Ocean colour measured from space using satellite remote sensing, provides information on suspended particles within the water that alter the absorption and reflection of light. These changes in ocean colour is often used to infer the concentration of phytoplankton, however based upon their interactions with light, particulate organic matter and particulate inorganic matter is also measurable, providing valuable information on ecosystem processes and overall health.
Ocean colour observations from NASA satellites have been routinely available for over two decades, with the initial launce of SeaWiFS in 1997, followed by MODIS Terra and Aqua in 1999 and VIIRS on Suomi/NPP in 2012. Although data products from all these missions are available, they are typically in the form of derived products (e.g. Chlorophyll-a), binned and mapped at 4 or 9 km resolution globally and often are also time-averaged. These data sets are often less suitable for coastal applications, developing regional algorithms, or for characterising product accuracy through in-situ matchups, where finer spatial resolution data is desired.
To address these needs, the IMOS Ocean Colour Sub-facility has supported the assembly of Australasian Ocean Colour archives of raw data from all satellite missions and established a processing system, based on NASA’s standard ocean colour processing software (SeaDAS), at the National Computational Infrastructure (NCI). The IMOS Ocean Colour Sub-facility also supports validation of this data through the assembly of an Australian Bio-Optical Data Base and the collection of in-situ observations.
Ocean colour data streams include water radiance from the DALEC ship-based and Lucinda Jetty SeaPRISM radiometers and optical properties from the in water measurements at Lucinda Jetty.
The Lucinda Jetty Coastal Observatory (LJCO) above and in-water optical measurements are acquired with the objective to support satellite validation and remote sensing algorithm development. Currently, LJCO is the only southern-hemisphere ocean colour validation site integrated into NASA’s AERONET-OC global network of ground-based radiometers and one of a few sites globally that combines the acquisition of both atmospheric and in-water optical measurements to help unravel the inaccuracies in remotely-sensed satellite ocean colour products due to the optical complexity of coastal waters and the overlying atmosphere.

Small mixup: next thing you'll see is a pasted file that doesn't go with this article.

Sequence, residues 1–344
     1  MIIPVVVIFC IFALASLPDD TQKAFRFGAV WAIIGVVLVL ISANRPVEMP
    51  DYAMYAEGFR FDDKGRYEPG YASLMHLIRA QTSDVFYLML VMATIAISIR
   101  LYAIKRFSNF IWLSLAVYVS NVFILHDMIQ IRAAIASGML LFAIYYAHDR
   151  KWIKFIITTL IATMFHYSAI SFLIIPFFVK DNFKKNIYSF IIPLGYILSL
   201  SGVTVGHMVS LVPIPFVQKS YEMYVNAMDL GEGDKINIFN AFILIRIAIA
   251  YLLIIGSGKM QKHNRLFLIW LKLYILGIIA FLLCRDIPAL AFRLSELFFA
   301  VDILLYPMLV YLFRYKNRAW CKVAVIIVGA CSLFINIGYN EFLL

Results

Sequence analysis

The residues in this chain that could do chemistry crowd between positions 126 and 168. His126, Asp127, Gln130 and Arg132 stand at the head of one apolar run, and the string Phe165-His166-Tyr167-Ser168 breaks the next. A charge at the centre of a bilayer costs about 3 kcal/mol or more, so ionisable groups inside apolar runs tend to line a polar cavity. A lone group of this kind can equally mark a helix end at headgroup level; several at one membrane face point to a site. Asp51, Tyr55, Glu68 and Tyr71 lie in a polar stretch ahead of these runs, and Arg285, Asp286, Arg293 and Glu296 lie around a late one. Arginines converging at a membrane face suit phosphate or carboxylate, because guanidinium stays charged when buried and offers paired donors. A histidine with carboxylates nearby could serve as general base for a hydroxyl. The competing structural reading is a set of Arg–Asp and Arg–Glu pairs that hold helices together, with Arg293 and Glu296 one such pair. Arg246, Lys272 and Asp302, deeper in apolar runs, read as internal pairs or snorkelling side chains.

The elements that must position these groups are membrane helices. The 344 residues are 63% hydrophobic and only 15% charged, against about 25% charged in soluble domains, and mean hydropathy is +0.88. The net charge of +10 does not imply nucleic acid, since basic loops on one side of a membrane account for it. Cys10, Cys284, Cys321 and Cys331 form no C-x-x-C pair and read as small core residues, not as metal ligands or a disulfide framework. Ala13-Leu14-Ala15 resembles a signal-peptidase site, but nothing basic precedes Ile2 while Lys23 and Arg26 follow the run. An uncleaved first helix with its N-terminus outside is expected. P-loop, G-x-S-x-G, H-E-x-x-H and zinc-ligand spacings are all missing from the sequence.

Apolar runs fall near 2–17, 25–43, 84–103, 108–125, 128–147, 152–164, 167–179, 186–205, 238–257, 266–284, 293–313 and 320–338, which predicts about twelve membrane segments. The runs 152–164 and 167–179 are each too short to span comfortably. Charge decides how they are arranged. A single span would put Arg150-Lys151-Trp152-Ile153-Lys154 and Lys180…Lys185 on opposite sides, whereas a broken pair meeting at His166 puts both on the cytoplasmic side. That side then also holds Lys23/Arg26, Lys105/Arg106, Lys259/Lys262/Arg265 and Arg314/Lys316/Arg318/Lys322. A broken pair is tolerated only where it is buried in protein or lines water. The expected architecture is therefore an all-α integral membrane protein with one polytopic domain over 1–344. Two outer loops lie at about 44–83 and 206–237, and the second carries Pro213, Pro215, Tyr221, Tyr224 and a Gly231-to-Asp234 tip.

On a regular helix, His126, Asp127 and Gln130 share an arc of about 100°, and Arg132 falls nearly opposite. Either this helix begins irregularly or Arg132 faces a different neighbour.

This system, the “Dynamic above water radiance and irradiance collector” (DALEC) was developed in Australia by “In situ Marine Optics (IMO)” and measures simultaneously sea and sky radiance together with down-welling hemispherical irradiance during autonomous ship-based deployments. The DALEC sensor head contains three compact hyper-spectral spectroradiometers (Carl Zeiss Monolithic Miniature Spectrometers), as well as a GPS and pitch and roll sensors, and is designed to be mounted on a boom positioned over the water, typically off the ship’s bow.
The IMOS Bio-Optical Data Base is unique in its nature as it collates all bio-optical data types collected by members of the Australian bio-optical community. The formats for the Bio-Optical Data Base were developed together with NASA’s Ocean Biology and Biogeochemistry Program. As such the holdings compare well with the international standards. This central location of bio-optical data has allowed for easier uptake by international space agencies such as NASA and European Space Agency (ESA) and international projects such as ESA’s Ocean Colour Climate Change Initiative (OC-CCI) and working groups under the International Ocean-Colour Coordinating Group (IOCCG).
Nationally consistent evaluation of ocean colour products is achieved by match-up analysis using the Bio-Optical Data Base. Product uncertainty depends on optical complexity of the water mass as well as accuracy of the atmospheric correction. Coastal waters are usually more complex due to terrestrial inputs compared to the open ocean. IMOS has therefore adopted a classification of optical water types (OWT, Moore et al 2009) in the assessment of product accuracy.
|Dr. Thomas Schroeder
|Prof. David Antoine